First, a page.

Once the CO₂ is captured, moreover, compressing it and injecting it into underground formations also requires a lot of juice.
For more on carbon-capture technology, read “Big Oil’s Hail Mary.”
But what if fossil fuel could be burned in a way that produced no pollutant other than CO₂—which itself could be captured? Presto: Fossil fuels would be green.
That, at least, is the theory. It’s also the stated promise of a newfangled natural-gas-fired power plant developed by North Carolina-based Net Power. Its investors include Houston-based oil producer Occidental Petroleum and Chicago-based power producer Exelon. Both see Net Power as a potential economic savior—one that could make fossil-fuel-powered electricity newly competitive amid mounting pressure to curb CO2 emissions..
Oxygen in, cleaner gas out
The Net Power process burns natural gas not with air, about 80% of which is nitrogen, but with oxygen. As a result, according to the company and its investors, the combustion produces only CO₂ and water. Because that CO₂ is highly pure—it constitutes about 98% of what comes out of the Net Power machine—it can be captured relatively easily and then, rather than being sent skyward, shot underground.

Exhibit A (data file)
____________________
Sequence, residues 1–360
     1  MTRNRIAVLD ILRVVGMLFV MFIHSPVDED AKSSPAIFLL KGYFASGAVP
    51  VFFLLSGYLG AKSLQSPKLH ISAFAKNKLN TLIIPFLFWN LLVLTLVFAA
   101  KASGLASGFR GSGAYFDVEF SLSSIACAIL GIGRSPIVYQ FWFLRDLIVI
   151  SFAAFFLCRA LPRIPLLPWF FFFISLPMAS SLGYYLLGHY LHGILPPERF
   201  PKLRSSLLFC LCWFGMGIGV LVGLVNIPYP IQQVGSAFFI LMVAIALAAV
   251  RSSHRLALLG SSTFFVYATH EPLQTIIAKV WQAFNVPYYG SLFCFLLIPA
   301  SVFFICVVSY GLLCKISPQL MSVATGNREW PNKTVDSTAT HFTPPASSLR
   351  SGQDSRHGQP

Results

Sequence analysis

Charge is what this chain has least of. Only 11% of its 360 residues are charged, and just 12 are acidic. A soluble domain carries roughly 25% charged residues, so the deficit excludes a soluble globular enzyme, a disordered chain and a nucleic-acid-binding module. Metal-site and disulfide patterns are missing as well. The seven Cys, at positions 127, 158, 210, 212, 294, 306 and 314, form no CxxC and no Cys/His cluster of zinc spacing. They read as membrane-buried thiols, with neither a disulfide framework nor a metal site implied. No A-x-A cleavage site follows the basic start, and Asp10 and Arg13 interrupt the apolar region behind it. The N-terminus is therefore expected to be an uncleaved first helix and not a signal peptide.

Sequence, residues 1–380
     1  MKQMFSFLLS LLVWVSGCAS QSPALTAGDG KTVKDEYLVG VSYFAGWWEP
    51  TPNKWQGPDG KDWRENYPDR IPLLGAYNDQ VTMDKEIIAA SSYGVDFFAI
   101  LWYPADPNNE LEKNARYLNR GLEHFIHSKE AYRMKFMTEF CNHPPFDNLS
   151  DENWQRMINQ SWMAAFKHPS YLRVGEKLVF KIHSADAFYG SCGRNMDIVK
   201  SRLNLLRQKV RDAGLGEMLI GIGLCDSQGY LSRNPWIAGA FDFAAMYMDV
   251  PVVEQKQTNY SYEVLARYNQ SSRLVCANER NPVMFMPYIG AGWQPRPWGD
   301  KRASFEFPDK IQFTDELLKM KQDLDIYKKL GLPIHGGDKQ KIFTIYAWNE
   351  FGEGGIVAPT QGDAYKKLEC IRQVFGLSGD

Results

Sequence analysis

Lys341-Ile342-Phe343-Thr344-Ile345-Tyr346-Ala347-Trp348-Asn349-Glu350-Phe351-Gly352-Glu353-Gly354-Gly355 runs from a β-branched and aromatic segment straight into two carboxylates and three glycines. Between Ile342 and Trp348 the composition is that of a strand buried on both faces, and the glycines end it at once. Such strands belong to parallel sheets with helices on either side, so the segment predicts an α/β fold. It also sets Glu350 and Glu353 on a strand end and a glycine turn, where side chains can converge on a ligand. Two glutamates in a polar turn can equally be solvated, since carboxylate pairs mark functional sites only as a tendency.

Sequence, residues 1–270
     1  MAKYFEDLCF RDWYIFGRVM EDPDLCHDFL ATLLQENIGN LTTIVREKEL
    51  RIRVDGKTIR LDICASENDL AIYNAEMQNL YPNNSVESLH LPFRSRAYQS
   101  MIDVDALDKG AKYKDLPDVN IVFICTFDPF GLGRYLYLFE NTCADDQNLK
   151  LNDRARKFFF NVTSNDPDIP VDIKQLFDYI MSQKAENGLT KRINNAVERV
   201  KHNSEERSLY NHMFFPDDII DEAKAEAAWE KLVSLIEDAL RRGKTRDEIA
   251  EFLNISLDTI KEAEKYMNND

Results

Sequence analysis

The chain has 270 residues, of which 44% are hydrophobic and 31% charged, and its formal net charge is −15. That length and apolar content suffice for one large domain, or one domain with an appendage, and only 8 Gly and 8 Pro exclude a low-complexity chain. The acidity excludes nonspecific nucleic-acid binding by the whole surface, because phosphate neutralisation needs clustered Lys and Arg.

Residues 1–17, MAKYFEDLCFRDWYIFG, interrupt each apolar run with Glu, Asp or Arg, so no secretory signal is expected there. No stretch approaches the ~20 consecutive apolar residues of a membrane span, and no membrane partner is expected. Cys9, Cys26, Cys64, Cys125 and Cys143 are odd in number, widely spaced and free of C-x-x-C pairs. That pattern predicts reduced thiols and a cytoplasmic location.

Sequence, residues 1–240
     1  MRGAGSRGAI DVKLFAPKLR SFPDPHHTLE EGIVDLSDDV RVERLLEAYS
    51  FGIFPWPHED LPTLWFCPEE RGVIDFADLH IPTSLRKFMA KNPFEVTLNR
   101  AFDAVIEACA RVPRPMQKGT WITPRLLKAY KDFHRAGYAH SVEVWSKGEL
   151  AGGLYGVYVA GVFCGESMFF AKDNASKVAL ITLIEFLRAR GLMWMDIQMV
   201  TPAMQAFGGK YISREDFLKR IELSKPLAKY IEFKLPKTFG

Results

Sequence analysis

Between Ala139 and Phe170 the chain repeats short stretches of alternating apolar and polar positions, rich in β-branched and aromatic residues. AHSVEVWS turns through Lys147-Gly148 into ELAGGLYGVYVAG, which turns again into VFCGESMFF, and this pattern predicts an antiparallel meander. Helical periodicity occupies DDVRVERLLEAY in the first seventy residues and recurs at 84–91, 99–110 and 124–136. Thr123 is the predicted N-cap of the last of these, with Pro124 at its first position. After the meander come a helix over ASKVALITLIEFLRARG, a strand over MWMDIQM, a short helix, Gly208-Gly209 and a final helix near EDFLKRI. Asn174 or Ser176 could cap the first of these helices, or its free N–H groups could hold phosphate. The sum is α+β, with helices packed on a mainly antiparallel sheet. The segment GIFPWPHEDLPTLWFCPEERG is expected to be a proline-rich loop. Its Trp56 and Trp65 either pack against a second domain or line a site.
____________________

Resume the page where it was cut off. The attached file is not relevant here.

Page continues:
So far, no full-scale Net Power plant has been built. A small one exists at the end of a gravel road in an industrial part of La Porte, Texas, on the southeast fringe of Houston. (On the day I visited the plant in February, power generation was down for an inspection, and as of mid-March it remained down for an upgrade of a key part.)
Occidental, known as Oxy, says it will build a commercial-scale Net Power plant by 2023 in the Permian Basin, a vast stretch of western Texas and eastern New Mexico in which Oxy long has shot CO₂ into aging oilfields to loosen oil in the rock and coax more of it up to the surface. The project will be located on an Oxy oilfield not far from Odessa, Texas, says Bill Brown, chief executive of Net Power, which refers to the initiative internally as “Project Odessa.” Odessa is the quintessential Permian oil town immortalized in the book, film, and TV series “Friday Night Lights.”